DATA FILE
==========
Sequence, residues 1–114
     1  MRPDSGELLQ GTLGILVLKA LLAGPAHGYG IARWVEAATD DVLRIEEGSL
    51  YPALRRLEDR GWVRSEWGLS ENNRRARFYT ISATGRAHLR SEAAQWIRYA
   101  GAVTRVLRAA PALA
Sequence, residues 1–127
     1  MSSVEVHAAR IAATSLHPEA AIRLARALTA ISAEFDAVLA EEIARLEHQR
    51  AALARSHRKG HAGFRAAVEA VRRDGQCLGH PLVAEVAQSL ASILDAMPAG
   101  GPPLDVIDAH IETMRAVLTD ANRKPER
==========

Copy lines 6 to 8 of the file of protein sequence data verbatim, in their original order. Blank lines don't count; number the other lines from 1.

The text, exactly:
     1  MSSVEVHAAR IAATSLHPEA AIRLARALTA ISAEFDAVLA EEIARLEHQR
    51  AALARSHRKG HAGFRAAVEA VRRDGQCLGH PLVAEVAQSL ASILDAMPAG
   101  GPPLDVIDAH IETMRAVLTD ANRKPER